A boy who was born with only 2 percent of his brain has not only survived against all odds, but gone on to learn to speak, count, and even do a little surfing, as his brain miraculously grew to 80 percent of normal size.
Six-year-old Noah Wall was diagnosed with spina bifida and hydrocephaly when he was growing in his mother’s womb.
At the time, British doctors told his parents he would only have “half a brain.” Five times they offered to terminate her pregnancy. Five times they refused.
When he was born, doctors found that only 2 percent of his skull cavity was filled with his brain—which had either been squashed down or had not grown.
They told his parents was likely Noah would be so severely disabled he wouldn’t be able to see, hear, talk, or eat.
By the age of 2, he was sitting up straight, singing, and playing computer games at his home in Cumbria in the north of England.
By the age of 3, a scan revealed his brain had grown to 80 percent, baffling the medical community.
The little boy's parents were told to abort him, but he's defied the odds to live after his brain 'grew back'
Noah has continued to go from strength to strength. Appearing alongside his parents on “Good Morning” on Feb. 21, it was revealed that although Noah can’t walk yet, he has been surfing and has learned to count. His next aim—along with learning to walk—is to ski.
Noah’s father Rob Hall told “Good Morning’ that being older parents—the couple has two grown-up children—helped them to resist the warnings from the medics and continue with the pregnancy.
“I think possibly if younger people were offered that choice, they may have felt pressured into taking it,” he said.
Whether the dramatic scans of Noah’s empty skull were due to a squashed up brain or an undeveloped brain, his father said it was a still a “miracle” that he had come as far as he had.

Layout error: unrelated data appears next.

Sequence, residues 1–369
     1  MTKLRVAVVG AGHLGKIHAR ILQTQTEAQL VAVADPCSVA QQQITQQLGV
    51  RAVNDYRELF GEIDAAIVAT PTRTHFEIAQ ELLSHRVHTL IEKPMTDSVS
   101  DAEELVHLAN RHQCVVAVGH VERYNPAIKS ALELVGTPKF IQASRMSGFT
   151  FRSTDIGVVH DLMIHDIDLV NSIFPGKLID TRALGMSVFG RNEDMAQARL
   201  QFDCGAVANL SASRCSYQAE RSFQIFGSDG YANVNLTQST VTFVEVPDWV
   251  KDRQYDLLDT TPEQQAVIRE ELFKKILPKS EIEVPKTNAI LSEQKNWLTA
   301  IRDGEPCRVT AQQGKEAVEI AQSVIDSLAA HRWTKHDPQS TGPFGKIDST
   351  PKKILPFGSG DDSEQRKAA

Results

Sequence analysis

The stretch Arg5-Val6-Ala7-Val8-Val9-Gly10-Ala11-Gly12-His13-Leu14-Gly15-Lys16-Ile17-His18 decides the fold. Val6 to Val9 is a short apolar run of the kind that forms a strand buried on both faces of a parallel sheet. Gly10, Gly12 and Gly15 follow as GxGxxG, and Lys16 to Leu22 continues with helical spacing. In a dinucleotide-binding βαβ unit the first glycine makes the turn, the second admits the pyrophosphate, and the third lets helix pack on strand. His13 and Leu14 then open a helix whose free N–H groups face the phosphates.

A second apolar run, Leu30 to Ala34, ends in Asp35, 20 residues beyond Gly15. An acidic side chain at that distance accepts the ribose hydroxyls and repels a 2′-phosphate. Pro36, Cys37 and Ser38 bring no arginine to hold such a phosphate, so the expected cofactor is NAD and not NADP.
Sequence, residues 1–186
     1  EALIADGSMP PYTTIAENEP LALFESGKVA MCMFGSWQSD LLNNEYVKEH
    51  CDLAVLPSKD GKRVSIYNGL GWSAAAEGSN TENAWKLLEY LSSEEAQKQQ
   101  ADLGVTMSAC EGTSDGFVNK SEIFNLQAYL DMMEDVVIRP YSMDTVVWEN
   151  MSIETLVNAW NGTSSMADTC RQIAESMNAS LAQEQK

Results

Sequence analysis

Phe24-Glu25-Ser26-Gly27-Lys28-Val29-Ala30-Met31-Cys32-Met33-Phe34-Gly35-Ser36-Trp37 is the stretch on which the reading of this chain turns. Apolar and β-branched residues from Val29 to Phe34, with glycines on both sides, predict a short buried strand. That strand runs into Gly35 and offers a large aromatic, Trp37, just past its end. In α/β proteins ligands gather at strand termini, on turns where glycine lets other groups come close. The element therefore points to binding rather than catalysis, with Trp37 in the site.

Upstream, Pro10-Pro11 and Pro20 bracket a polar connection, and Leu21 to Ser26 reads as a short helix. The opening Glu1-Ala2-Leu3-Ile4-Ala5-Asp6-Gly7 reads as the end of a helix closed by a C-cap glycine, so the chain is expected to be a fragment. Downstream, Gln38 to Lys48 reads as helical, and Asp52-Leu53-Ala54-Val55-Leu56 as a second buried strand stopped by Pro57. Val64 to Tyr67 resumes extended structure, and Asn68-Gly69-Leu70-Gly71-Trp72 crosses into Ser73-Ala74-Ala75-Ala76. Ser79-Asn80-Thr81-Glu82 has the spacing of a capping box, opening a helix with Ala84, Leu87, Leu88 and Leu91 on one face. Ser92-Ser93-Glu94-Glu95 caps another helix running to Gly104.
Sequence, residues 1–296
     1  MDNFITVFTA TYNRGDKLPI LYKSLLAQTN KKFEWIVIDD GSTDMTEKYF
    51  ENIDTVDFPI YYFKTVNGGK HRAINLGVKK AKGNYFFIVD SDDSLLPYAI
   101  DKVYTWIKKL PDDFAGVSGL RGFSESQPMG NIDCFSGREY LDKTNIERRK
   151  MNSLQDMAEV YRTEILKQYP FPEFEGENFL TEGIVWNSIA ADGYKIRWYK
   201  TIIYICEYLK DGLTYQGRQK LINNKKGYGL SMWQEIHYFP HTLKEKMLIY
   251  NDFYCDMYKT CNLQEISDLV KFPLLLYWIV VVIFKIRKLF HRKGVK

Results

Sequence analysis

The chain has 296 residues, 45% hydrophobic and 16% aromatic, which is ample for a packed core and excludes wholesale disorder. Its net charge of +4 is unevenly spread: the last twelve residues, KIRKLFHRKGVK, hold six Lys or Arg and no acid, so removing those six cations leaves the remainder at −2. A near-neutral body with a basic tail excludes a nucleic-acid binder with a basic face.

“Even if his brain had been so squashed up, he’d be severely mentally disabled because of all that damage and look at him—he’s as bright as a button,” he said.
Noah has been enrolled in a “neurophysics” programme in Australia, which is a mixture of physiotherapy and cognitive exercises.
Good morning everyone thank you so much for all your kind messages yesterday sending you all virtual cakes today and lots of love 💕 Love Noah xxxx
“It’s all to do with the brain’s ability to heal or correct the body’s nervous system,” his father said.
Two years ago, his parents made the decision to send Noah to a local mainstream school.
“I didn’t want Noah to go to a special school,” his mother Shelly told the Cumberland Star. “I didn’t want him missing out on mainstream education, and all the experiences that come with it.”
“Noah is really excited—he’s got his pencils, his books, his reading bag, and lunch bag.
Good morning everyone here’s to a great week, sending you all lots of love Love Noah ❤️❤️❤️❤️❤️❤️❤️
“He’s even got his PE kit and says he wants to be able to play football one day. I was planning his funeral while I was pregnant—I could never have imagined this incredible day would come,” his mother said.
Noah’s appearance on British prime time morning TV wasn’t his first media appearance. He also has an active social media presence, where his miraculous story is used to raise awareness of the plight of children with spina bifida, and to inspire others. He is described as a “disabled model.”